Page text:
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Queen Anne Furniture by Norman Vandal (1990, Taunton Press. 63 S. Main St., Newtown, CT06470) 248pp.; hardcover, $34.95
Queen Anne furniture is characterized by its graceful curves and symmetry, carved fans and shells, serpentine skirts, and cabriole legs. Historical and how-to books have long acknowledged the special relationship that Queen Anne holds with antique lovers and woodworkers, but they have always left us wanting more. For example, what are the features that distinguish Queen Anne from Chippendale? This is the first time such a rich tapestry of history and construction details have been combined in a book with easy-to-follow plans for so many Queen Anne furniture classics.
Author Norman Vandal has spent 15 years building reproductions of classic furniture, and he shares his wealth of insights with us. He poses the question of how accurately repro-ductions should be copies of the originals. Should all joinery, tools used and proportions match the originals? While pondering these issues he concludes that the ultimate decision is the individual cabinetmaker's. With his guidance toward design criteria and accurate period motifs, original pieces could be designed in the Queen Anne style.
The book is organized into a chapter that explains the historical development of the style, followed by chapters that discuss each type of furniture—chairs, tables, and case furniture. In recognition of the unifying role that the cabriole leg plays, he devotes an entire chapter to its background and construction.
Many times when we read woodworking books, we'll skip the how-to articles until we're ready to make those pieces. Vandal keeps us hooked throughout with eye-catch-ing photos and illustrations, historical engravings, and interesting trivia. He shows us, for example, how round chair stretchers are often made with rectangular tenons. With his keen attention to detail, we learn how to make hinged cross-shaped frame joints, turned cabriole legs, butterfly keys, and spiral-fluted flame finíais.
Carving plays an important role in Queen Anne, so a chapter on carving designs and techniques would have been useful. Also I would have enjoyed more color photos and some large exploded-view isometric drawings. Aside from that, the full-page color photos of Vandal's reproductions, detailed construction drawings, and the technical quality of the book are excellent.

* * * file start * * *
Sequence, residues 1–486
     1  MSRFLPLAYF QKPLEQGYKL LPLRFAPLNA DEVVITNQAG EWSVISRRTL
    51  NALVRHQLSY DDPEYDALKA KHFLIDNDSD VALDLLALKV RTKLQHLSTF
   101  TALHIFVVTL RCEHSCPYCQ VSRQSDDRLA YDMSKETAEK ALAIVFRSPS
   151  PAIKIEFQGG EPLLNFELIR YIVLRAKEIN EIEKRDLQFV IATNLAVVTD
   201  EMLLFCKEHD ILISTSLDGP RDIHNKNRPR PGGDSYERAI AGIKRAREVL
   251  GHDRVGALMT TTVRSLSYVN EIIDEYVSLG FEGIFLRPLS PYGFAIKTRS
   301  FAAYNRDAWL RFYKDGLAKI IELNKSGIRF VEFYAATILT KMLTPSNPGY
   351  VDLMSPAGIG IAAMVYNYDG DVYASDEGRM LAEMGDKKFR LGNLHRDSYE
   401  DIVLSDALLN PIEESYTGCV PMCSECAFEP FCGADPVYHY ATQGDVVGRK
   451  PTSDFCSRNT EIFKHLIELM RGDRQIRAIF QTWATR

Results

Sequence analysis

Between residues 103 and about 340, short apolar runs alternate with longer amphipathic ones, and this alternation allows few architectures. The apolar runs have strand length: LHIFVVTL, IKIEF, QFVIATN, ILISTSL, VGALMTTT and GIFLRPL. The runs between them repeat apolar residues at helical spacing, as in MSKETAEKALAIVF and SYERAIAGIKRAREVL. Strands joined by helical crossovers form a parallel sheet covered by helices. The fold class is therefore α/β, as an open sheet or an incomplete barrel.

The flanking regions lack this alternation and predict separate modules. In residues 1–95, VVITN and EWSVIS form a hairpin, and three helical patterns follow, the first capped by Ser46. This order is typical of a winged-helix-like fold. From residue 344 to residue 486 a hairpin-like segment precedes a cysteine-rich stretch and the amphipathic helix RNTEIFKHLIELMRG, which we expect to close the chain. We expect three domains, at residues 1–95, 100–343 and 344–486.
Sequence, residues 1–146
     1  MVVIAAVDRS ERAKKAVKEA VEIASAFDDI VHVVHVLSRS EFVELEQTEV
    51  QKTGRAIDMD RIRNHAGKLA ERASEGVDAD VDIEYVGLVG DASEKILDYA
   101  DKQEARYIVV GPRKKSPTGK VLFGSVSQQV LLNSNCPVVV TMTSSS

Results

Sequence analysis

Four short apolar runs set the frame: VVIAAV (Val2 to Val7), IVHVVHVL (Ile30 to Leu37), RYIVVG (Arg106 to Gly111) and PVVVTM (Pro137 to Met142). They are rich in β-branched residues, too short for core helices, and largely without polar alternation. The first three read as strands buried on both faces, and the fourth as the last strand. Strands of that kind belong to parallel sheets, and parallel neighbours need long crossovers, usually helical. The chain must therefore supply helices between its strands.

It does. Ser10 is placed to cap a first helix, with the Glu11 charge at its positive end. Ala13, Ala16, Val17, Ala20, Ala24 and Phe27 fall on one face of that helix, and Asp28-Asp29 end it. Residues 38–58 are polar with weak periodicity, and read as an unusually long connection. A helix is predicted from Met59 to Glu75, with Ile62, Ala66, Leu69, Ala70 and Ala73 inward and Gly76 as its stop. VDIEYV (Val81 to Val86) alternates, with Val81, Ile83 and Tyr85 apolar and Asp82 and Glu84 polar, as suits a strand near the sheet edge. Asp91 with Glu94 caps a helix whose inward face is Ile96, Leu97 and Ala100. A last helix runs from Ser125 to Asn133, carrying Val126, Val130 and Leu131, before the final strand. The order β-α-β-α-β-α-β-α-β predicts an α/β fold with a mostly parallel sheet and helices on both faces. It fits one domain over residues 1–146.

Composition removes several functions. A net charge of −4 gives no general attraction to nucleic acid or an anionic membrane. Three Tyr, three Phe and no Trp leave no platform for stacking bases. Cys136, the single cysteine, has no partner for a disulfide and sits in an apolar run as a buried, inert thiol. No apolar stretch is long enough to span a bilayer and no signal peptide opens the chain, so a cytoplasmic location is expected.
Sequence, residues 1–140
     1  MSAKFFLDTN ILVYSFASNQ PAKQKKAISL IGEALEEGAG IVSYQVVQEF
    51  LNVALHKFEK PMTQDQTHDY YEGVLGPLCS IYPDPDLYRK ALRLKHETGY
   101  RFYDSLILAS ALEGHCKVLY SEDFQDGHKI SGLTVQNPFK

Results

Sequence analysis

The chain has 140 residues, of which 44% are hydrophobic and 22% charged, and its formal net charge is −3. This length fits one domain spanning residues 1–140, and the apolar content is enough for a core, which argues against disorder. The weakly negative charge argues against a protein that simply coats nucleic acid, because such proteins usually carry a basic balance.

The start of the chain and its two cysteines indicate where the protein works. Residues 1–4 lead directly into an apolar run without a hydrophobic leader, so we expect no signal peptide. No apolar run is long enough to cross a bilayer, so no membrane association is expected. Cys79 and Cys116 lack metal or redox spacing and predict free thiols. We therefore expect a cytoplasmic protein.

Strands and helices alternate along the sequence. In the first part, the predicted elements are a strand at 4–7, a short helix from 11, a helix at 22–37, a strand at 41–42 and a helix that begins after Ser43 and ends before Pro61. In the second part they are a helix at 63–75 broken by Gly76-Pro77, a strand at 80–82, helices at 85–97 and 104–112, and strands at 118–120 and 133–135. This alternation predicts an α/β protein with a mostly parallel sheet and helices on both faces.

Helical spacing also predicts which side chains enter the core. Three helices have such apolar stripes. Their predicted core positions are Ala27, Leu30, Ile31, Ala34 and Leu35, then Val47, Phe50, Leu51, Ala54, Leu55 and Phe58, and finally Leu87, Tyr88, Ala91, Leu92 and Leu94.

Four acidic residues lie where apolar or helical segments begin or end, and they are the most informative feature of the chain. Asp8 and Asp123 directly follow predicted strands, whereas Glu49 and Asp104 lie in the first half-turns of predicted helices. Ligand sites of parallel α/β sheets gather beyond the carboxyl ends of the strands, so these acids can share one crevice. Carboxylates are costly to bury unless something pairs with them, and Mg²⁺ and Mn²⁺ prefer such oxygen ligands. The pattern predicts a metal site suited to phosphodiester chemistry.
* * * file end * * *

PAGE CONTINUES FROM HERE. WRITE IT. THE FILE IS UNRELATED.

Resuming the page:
(1990, Sterling Publishing Co., inc., 387 Park Ae South. New York, NY 10016) 160pp.;paperback, $12.9.5 When Frank Pain wrote Practical Woodturner in 1956 it was about the only book on the subject. More than 30 years later the book has withstood the test of time. Today, it is a classic in a field of Johnny-conic-latelys. Probably more than any other author, Pain instructed and inspired today's finest turners, including some who have written their own books.
Pain's book has been enlarged and includes revisions by James Jacob-
son. Mercifully, it remains remarkably uii-^ , changed. The V q u a 1 i t i e s j*>>í¿f£« which elevated Pain's original - ^^ work above a mere how-to book are still there. His expertise, kindness, and above all. his humor, still shine through. Having Pain's book is like having a grandfather who knows all about woodturning. and has just the right joke to lighten the inevitable moments of despair.
Jacobson showed admirable restraint in his revisions. However, in the area of safety, it would have made more sense to include the most up-to-date information avail
able. Today we recognize the hazards of some wood dusts and have ways of dealing w ith them.
A good part of Pain's original message to hold the tools lightly and cut the wood as it prefers to be cut remains. No book tells how to accomplish this better than Practical Wbod-turner. (A few of the updated photographs show an iron grip on the tool that might have poor Mr. Pain "turning" in his grave.
My only objection to the original book was its small size. But alter being enlarged and revised, the book retains its original character. So if you'd like to read a classic, have a laugh, and learn to turn all at once, get Practical Wbodturner.
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THIS book is one of the series of Handbooks on industrial subjects being published by the Popular Mechanics Company. Like Popular Mechanics Magazine, and like the other books in this series, it is written so you can understand it. The purpose of Popular Mechanics Handbooks is to supply a growing demand for high-class, up-to-date and accurate text-books, suitable for home study as well as for class use, on all mechanical subjects. The textand illustrations, in each instance, have been prepared expressly for this series by well known experts, and revised by the editor of Popular Mechanics.